20. Hello all, I was reading up on some ways to make home made adobe and well, it's easy as dirt but I did the recommended soil testing (the put it in a glass jar, shake vigorously and wait til morning kind) and I came up with around 70% clay and 30% sand. I have read that a good clay/sand ratio should be 30% clay and 70% sand. My question to you fine people is how can I make my "dirt" more suitable for an adobe lining in a solid fuel (charcoal) forge? It's the Tim Liveley design, but this one will have a side blast tuyere. Is it as easy as just adding more sand? A follow up question is can I use sand from a beach? This is dirty sand off the shores of Lake Erie, not gleaming white sand from the ocean. I'd sift it from the used hypodermic needles and other assorted unmentionables, of course! Thanks in advance. Rob
  21. Thanks, Matt. I've read that other places as well in regards to the rail track. I did grab, when I grabbed the 14 inch piece, a smaller piece of track also. It's about 4 inches long. I may use that one in the manner you suggest. Best of both worlds. Thanks again for the advice. It is appreciated.
  22. I have a follow up question. I picked up the piece of rail road track and brought it home. It's 14 inches long and 55 pounds. Now, I know heavier is better and was wondering if 55 pounds may be just a bit too light. Now, here is my question. What if I bolted it to a 45 pound cast iron bar bell plate? My thought process, and without a doubt it could be terribly misguided, is that it would add mass plus weight to the rail track. The plate is close to 18 inches in diameter and the thought was to bolt the whole thing into a large tree stump. Is this crazy, misguided or just plain stupid? Or would it be an effective way to add a little mass and weight to my little rail track anvil? Thanks in advance. Rob
  23. Thank you so much for the replies. Mr. Anderson, that is indeed the type of rail anchor that these are. That's great to know. In my lurking on these and other forums, I have read of many blades being made out of that type of steel. Well, I have a great supply and as a complete beginner that is good news indeed. The spikes have "MC" on the top of them, so I'm guessing they have even less carbon than the "HC" spikes. It will still be great practice for me, though, in shaping and forging. As a beginner, practice is everything, so that's a good thing. In regards to the rail track, I may have gotten very lucky. The surface of the rail is great. Very smooth with no pits. In regards to the carbon test, I may just do that with the plates. I'll have to cut them first of course as they are kind of big. But, when I do, I'll report back. Thanks again for the replies and the information. It is greatly appreciated.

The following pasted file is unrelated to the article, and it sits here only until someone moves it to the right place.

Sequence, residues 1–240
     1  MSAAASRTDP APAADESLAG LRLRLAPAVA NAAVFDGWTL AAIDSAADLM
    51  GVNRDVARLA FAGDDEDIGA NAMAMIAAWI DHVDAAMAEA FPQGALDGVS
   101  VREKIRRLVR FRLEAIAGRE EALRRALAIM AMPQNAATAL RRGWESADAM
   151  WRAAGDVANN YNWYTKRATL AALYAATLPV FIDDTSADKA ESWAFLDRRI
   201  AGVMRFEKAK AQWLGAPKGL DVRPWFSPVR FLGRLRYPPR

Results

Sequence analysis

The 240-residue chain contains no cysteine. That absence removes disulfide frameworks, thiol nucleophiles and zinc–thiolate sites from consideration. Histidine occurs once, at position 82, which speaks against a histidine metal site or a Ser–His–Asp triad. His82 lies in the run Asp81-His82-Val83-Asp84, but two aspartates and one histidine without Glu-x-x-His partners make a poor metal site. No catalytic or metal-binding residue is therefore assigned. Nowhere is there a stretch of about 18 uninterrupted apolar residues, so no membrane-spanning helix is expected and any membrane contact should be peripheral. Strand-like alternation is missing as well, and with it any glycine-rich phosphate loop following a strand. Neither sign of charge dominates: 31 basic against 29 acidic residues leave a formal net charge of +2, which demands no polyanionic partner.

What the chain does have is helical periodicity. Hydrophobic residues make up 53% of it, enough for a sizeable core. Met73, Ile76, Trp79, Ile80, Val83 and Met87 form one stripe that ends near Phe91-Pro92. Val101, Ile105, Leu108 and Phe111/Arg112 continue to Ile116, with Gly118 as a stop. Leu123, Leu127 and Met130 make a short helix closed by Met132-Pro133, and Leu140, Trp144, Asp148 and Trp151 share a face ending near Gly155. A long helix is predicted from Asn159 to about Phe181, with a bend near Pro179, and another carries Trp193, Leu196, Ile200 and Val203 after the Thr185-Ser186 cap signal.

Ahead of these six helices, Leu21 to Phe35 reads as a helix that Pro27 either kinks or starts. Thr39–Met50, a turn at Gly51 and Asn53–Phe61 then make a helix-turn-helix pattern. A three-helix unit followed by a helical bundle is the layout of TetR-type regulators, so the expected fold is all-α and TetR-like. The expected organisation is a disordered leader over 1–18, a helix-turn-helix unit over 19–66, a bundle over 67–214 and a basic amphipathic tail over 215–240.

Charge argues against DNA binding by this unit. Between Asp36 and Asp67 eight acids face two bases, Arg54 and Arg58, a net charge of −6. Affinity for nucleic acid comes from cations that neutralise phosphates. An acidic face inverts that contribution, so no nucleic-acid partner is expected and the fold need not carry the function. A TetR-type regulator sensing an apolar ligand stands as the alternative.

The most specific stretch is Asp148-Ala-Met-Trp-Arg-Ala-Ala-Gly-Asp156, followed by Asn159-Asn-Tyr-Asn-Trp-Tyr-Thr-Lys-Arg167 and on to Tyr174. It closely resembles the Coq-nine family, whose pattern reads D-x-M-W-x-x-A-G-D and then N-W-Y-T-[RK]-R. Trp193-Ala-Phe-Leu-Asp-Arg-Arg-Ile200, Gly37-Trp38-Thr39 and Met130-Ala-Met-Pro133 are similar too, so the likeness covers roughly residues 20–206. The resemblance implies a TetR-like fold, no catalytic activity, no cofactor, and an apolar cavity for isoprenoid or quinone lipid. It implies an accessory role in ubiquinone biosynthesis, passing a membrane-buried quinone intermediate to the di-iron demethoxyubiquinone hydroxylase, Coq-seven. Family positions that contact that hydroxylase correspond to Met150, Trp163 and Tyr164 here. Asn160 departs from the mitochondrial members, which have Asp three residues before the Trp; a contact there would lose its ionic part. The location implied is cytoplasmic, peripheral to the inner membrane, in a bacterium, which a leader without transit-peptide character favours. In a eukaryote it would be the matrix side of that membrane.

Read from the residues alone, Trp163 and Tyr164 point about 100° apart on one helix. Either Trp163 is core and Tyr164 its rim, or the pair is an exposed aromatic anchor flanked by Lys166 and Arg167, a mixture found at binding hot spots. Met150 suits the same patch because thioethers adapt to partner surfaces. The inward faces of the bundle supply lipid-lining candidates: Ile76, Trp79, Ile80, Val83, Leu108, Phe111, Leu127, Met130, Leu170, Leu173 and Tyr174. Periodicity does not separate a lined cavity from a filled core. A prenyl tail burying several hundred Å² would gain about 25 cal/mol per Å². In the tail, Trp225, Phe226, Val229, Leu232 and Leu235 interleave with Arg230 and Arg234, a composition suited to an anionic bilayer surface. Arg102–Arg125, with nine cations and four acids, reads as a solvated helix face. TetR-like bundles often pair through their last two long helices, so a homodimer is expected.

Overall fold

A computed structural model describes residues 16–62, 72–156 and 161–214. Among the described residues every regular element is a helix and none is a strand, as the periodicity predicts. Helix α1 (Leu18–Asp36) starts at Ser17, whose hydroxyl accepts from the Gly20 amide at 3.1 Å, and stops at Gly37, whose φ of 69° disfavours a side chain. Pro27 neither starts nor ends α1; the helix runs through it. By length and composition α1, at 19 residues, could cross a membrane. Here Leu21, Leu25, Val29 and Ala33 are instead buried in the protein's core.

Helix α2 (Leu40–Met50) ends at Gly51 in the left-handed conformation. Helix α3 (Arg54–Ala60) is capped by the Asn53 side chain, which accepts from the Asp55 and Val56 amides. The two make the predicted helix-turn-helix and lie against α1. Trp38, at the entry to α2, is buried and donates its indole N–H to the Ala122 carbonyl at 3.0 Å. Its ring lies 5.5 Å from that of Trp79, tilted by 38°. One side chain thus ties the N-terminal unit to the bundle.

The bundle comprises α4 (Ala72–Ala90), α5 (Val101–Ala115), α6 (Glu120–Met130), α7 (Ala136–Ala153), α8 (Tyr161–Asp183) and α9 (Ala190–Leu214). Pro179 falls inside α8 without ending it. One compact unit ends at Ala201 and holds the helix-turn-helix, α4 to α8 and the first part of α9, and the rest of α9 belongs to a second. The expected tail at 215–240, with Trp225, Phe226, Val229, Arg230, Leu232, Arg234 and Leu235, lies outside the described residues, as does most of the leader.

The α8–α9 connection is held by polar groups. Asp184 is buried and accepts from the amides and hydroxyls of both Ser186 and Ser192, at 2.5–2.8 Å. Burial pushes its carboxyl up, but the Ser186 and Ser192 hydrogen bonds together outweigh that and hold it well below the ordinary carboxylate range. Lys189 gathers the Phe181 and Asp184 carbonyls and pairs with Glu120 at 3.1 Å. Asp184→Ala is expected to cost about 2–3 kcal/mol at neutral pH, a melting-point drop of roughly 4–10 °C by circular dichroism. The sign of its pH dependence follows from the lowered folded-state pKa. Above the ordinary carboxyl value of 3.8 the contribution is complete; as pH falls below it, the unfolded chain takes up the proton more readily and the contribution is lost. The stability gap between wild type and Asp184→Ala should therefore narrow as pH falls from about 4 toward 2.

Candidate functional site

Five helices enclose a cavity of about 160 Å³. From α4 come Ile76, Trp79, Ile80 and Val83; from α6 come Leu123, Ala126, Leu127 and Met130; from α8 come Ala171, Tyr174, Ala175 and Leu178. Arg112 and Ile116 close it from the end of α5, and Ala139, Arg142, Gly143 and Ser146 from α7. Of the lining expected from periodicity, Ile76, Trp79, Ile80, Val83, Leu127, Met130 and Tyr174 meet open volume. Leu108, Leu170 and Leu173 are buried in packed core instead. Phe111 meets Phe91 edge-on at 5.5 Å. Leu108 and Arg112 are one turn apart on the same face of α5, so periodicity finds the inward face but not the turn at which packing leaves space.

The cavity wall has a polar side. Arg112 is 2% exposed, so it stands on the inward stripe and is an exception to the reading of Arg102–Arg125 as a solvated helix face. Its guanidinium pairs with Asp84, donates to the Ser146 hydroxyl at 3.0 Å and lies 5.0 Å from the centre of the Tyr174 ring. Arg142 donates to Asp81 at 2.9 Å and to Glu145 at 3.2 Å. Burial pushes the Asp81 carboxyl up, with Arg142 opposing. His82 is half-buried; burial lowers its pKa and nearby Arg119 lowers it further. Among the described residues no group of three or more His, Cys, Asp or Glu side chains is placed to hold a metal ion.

24. Thank you everybody for your replies. The spikes actually have the marking "MC" on the tops, so I'm guessing that's not a high carbon content spike. But there are plenty of them and it will be great practice in forging and shaping for a novice like me. I can't wait to start on those. I'll move up to the rail anchors after getting good on the spikes, as I do have a lot (or can get) a lot of them, too. This is exciting to me as a rank novice to have found a supply of steel to begin with. Steve G described my situation, too. My wife isn't too excited about me bringing home a bunch of steel, but the price is right so she can't complain too much, right Thanks for the reply about the rust, too. I figured that was the case, but wanted to ask the experts! Again, thanks to all who replied.
×
×
  • Create New...